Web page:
Brilliant, Crazy, Cocky: How the Top 1% of Entrepreneurs Profit from Global Chaos

Brilliant Crazy Cocky How the Top % of Entrepreneurs Profit from Global Chaos An unforgettable portrait of the emerging world s entrepreneurial dynamos Brilliant Crazy Cocky is the story about that top % of people who do to change their worlds through greed and ambition than

  • Title: Brilliant, Crazy, Cocky: How the Top 1% of Entrepreneurs Profit from Global Chaos
  • Author: Sarah Lacy
  • ISBN: null
  • Page: 293
  • Format: Kindle Edition
  • An unforgettable portrait of the emerging world s entrepreneurial dynamos Brilliant, Crazy, Cocky is the story about that top 1% of people who do to change their worlds through greed and ambition than politicians, NGOs and nonprofits ever can This new breed of self starter is taking local turmoil and turning it into opportunities, making millions, creating thousandsAn unforgettable portrait of the emerging world s entrepreneurial dynamos Brilliant, Crazy, Cocky is the story about that top 1% of people who do to change their worlds through greed and ambition than politicians, NGOs and nonprofits ever can This new breed of self starter is taking local turmoil and turning it into opportunities, making millions, creating thousands of jobs and changing the face of modern entrepreneurship at the same time To tell this story, Lacy spent forty weeks traveling through Asia, South America and Africa hunting down the most impressive up and comers the developed world has never heard oft The individuals profiled in Brilliant, Crazy, Cocky are distinct products of their own cultures, yet they share that same unmistakable cocktail of delusion, ambition, and brilliance that drove Bill Gates, Fred Smith, Donald Trump, and every other iconic American entrepreneur of the last few decades.

    One thought on “Brilliant, Crazy, Cocky: How the Top 1% of Entrepreneurs Profit from Global Chaos”

    1. Not bad? It wasn't life changing, but a good number of the stories felt relevant if not somewhat inspiring. The chapter about Rwanda was quite moving. The writing style was pretty sensationalist though which rubbed me the wrong way. I would loan it to a friend but not necessarily recommend they spend money on it, so if you'd like to borrow it, you know how to find me.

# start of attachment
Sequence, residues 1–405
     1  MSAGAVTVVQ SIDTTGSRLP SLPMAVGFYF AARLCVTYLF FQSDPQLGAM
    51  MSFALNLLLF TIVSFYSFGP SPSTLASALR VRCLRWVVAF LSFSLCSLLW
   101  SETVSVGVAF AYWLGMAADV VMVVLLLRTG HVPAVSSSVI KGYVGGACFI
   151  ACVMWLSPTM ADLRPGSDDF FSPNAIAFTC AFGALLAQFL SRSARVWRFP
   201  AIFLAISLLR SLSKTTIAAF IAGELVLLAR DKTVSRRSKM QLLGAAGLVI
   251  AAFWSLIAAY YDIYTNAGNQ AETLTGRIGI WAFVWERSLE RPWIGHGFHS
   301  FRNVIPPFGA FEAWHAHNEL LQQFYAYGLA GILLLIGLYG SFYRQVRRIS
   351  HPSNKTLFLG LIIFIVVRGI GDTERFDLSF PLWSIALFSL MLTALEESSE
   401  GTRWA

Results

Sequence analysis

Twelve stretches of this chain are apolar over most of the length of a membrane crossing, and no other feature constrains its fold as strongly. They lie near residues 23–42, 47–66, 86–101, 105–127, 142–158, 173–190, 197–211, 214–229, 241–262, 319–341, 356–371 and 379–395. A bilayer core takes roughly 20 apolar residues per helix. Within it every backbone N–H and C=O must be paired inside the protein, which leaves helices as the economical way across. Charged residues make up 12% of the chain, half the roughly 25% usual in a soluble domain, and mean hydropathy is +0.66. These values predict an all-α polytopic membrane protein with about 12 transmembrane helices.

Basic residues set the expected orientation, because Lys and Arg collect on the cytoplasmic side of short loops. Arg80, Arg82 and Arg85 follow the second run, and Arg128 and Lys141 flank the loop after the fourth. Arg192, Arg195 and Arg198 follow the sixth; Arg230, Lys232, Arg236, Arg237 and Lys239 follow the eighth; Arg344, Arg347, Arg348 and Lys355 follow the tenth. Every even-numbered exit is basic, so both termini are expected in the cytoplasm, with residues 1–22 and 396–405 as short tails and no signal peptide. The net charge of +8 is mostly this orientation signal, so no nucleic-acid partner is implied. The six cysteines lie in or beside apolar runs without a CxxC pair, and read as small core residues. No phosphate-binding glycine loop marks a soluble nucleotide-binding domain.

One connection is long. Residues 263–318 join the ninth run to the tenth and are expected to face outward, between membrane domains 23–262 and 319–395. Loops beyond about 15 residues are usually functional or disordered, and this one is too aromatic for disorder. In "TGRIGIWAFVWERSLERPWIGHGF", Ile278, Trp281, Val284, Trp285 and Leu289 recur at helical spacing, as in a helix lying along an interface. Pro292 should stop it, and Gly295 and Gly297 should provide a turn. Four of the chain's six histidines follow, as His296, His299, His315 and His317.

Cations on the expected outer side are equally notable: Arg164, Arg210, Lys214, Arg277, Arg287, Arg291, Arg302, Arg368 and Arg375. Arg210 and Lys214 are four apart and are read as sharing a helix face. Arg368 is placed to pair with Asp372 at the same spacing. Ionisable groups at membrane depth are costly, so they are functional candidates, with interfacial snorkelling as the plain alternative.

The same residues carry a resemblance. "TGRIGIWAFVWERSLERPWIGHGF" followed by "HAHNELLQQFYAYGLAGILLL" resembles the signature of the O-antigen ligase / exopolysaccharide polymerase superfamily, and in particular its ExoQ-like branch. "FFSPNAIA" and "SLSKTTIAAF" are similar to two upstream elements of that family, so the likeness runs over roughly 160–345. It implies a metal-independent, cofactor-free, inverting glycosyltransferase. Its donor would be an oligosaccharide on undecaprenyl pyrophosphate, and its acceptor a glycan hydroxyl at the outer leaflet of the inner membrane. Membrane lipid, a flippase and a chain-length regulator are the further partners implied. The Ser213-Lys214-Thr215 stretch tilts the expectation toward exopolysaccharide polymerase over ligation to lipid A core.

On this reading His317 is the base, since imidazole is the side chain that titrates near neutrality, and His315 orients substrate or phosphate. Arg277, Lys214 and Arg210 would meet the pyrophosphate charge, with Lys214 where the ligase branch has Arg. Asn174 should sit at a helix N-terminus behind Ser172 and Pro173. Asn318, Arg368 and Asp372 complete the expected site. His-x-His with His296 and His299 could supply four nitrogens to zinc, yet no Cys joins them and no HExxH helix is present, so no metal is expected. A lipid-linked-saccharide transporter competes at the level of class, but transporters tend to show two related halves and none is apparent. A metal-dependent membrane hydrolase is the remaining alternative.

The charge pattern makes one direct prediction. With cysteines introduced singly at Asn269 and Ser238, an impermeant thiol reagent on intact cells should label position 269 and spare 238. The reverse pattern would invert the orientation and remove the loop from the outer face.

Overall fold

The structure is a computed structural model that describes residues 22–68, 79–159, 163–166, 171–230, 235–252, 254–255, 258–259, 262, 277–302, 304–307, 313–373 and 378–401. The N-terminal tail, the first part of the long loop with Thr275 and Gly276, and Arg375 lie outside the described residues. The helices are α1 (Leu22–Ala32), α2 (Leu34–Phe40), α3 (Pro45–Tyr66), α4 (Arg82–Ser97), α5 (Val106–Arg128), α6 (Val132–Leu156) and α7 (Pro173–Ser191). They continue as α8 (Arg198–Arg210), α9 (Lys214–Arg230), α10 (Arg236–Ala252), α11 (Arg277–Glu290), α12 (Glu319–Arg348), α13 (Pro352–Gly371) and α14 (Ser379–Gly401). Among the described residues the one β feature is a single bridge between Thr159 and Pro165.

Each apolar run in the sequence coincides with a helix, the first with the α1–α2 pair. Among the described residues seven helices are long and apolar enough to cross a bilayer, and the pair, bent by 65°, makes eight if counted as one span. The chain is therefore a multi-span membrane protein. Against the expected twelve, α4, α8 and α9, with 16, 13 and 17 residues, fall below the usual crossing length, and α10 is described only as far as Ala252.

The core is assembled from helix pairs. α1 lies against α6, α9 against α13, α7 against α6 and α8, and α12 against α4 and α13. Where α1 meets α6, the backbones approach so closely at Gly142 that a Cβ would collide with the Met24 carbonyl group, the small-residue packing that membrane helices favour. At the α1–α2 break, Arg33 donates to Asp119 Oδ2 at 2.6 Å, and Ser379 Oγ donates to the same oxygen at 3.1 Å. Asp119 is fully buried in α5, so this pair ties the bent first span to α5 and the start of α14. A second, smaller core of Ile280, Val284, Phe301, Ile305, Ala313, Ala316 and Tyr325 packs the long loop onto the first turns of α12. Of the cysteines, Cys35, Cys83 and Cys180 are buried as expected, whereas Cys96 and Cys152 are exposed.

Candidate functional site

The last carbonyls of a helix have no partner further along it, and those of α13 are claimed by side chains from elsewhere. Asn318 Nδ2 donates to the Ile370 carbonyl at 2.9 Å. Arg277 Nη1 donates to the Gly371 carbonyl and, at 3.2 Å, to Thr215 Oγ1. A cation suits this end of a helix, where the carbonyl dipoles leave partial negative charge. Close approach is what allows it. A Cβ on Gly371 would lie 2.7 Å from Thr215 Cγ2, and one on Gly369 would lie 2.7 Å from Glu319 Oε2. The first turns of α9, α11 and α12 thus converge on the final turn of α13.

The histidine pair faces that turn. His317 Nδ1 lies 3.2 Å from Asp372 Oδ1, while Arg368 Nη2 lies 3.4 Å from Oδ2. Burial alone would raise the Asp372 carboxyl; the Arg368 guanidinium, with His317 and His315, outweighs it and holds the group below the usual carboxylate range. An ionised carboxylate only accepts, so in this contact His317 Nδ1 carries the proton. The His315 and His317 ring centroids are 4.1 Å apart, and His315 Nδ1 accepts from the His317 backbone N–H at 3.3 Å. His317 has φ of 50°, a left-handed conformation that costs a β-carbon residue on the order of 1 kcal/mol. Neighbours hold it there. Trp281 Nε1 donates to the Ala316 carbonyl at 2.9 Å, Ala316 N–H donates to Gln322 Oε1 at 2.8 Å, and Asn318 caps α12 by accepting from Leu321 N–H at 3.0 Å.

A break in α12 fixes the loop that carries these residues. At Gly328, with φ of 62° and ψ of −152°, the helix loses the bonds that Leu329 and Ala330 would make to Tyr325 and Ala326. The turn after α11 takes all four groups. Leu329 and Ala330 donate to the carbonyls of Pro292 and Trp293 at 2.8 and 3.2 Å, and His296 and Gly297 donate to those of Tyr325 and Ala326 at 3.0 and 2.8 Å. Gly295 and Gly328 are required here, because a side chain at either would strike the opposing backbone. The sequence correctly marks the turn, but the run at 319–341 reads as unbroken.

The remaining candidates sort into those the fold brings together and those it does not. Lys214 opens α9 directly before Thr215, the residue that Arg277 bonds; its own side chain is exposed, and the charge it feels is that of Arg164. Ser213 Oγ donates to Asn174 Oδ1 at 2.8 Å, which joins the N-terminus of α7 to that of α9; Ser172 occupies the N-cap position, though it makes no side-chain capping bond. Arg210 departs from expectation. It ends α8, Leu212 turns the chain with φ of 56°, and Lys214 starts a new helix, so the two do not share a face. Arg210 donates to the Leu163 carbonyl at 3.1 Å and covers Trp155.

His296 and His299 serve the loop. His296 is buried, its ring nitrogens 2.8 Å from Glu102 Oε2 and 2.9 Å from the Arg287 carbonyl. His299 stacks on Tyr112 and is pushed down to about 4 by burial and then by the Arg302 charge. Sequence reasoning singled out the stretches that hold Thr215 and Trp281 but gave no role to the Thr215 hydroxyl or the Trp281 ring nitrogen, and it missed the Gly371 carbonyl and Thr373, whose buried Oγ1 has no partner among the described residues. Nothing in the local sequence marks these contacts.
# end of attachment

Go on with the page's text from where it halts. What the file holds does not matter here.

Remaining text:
2. Author, Sarah Lacy, is inspired by "truly great entrepreneurs" so much, she seeks them out in all corners of the globe. For this book, she travelled to eleven different countries in about 40 weeks. Interviewing entrepreneurs, investors, policy makers and everyday locals. She provides us with a deep insight into how a handful of creative risk-takers have seized opportunities to not only enrich their own lives, but to also do good for their country, especially in places like Rwanda, that was ravag [...]

    3. I wanted to read this book thinking it might teach me to better identify entrepreneurial opportunities, but the book was less about that and more about specific emerging markets and where they are in comparison to the US in terms of business evolution. To be honest, I think that made for a more interesting read. Also bonus mention of my namesake's namesake, Virginia Dare, on page 160:"But it's not just who colonized you that matters. After all, the English colonized India too, and the United Sta [...]

    4. I really loved this book. I work in the tech community, and it's a complete echo chamber. It's important to remember that not all innovation is US based and to see how other companies are thriving in chaos. Not everyone needs daily catered lunches to be successful or thrive. Sarah paints a picture of the entrepreneurial communities in Israel, Brazil, Indonesia, India, China, etc. that tell compelling stories of what makes the communities tick. I admire her courage in traveling the world for 40-w [...]

    5. I really liked this book- it was a quick and easy read and talked about the local economies in several of the emerging markets, what local entrepreneurs are facing and how their respective governments/economies are helping stimulate entrepreneurial activity or not. I think Lacy made some great observations about the different countries she visited and think her point about people not having anything to lose is really relevant and plays a large part in whether people feel motivated to solve probl [...]